The more I look at these past three books (How to Cheat a Dragon’s Curse, How to Twist a Dragon’s Tale, and A Hero’s Guide to Deadly Dragons), the more I think that swapping books four and five would have led to a better series flow, a more cohesive character building.  The narrative thread seems to have been dropped just a tiny bit too by the exclusion in this book of the Windwalker from Dragon’s Tale, whom I had expected to start playing a larger role, but perhaps because of his similarity to Dreamworks’ Toothless I am giving him too much weight. Separately, I still enjoy all of these books.


Cowell, Cressida.  How to Train Your Dragon, Book 6: A Hero’s Guide to Deadly Dragons.  New York: Little, Brown-Hachette, 2010.  First published 2007.

This review is not endorsed by Hachette Book Group, Little, Brown and Company, or Cressida Cowell.  It is an independent, honest review by a reader.

About Kathryn

My love of books has been carefully cultivated by the adults who raised me and also by the friends who love to share. My life has led me down long library shelves, to online forums, fanfiction sites, the front of a lecture hall, and into the desks of college classrooms. With an English degree and a couple master’s classes in Children’s Literature, I am now a bookseller for Barnes & Noble. I have been an editor for Wizarding Life Networks (the people who brought you Wizarding Life, Panem October, and MyHogwarts now HogwartsIsHere).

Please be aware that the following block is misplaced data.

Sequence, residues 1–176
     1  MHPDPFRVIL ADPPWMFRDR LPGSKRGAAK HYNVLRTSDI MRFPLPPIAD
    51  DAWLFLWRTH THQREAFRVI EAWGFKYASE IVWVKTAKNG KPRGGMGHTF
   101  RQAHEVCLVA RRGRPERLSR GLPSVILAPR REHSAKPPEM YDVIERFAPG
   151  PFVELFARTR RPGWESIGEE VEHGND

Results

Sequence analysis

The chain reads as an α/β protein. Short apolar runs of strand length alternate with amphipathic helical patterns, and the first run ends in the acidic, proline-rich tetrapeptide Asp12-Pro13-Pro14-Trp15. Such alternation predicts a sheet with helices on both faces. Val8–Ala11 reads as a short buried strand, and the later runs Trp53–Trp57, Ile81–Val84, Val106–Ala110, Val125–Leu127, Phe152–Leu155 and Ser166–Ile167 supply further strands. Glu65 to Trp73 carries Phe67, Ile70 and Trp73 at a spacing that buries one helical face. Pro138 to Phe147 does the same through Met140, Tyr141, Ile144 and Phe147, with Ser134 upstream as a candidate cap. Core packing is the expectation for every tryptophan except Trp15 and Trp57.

3 responses »

  1. I haven’t read this series. Actually, until yesterday, I didn’t even know these books existed. I honestly thought it was an April Fools prank my brother was playing on me. But wow. Just wow. How close to the movie is the book? I love the movie and have watched the trailer for the new movie and have devoured any information I could get about it (They give some information on their official game site How close do you think it is to the book series? I think I’m going to go now and buy these books. Thank you so much for opening my eyes to more magic!

    • HTTYD is not the April Fool’s prank.

      I love the movie, and I love the books, but the movie is only a loose interpretation of the books. In details, the movie is almost nothing like the books. No Astrid (instead we have Camicazi but not right away, and I’m not sure I see a romance in Hiccup’s and Camicazi’s futures), no Toothless as you know him (there is no Night Fury yet, and Toothless is tiny, and he talks–all dragons talk), Vikings and dragons aren’t at war the same way that they are in the books; dragons are more like cats. But all the bones of the story I loved from the movie are in the books: Hiccup the outcast Viking whose father doesn’t appreciate him teams up with a dragon and saves the day using his brain and all that makes him an outsider. And Hiccup’s voice is still wonderfully sarcastic.

      I’m glad I could enlighten you. And here’s another treat: They’re still being written. There’re more beyond what I’ve read, more beyond what I yet own. Happy reading!

      Here’s the link too for the review of the first book, where I mostly did talk about the differences between book and movie.

      • You have just made my day. I’m going to lap all of this up! Thank you Kathryn. You were more than helpful. I do like that dragons are like cats! Love the review of the first book too! Cheers!